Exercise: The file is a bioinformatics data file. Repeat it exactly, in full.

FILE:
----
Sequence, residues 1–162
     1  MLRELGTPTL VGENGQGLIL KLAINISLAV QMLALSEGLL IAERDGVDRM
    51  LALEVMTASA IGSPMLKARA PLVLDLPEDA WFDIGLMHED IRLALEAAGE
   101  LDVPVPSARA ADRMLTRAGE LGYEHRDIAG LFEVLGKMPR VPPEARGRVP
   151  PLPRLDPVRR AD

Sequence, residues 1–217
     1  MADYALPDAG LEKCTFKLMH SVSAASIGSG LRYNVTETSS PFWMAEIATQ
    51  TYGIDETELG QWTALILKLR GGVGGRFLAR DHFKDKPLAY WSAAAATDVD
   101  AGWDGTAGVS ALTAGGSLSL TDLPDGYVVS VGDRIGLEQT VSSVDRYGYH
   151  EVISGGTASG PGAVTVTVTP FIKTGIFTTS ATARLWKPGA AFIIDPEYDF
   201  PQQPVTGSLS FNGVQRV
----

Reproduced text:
Sequence, residues 1–162
     1  MLRELGTPTL VGENGQGLIL KLAINISLAV QMLALSEGLL IAERDGVDRM
    51  LALEVMTASA IGSPMLKARA PLVLDLPEDA WFDIGLMHED IRLALEAAGE
   101  LDVPVPSARA ADRMLTRAGE LGYEHRDIAG LFEVLGKMPR VPPEARGRVP
   151  PLPRLDPVRR AD

Sequence, residues 1–217
     1  MADYALPDAG LEKCTFKLMH SVSAASIGSG LRYNVTETSS PFWMAEIATQ
    51  TYGIDETELG QWTALILKLR GGVGGRFLAR DHFKDKPLAY WSAAAATDVD
   101  AGWDGTAGVS ALTAGGSLSL TDLPDGYVVS VGDRIGLEQT VSSVDRYGYH
   151  EVISGGTASG PGAVTVTVTP FIKTGIFTTS ATARLWKPGA AFIIDPEYDF
   201  PQQPVTGSLS FNGVQRV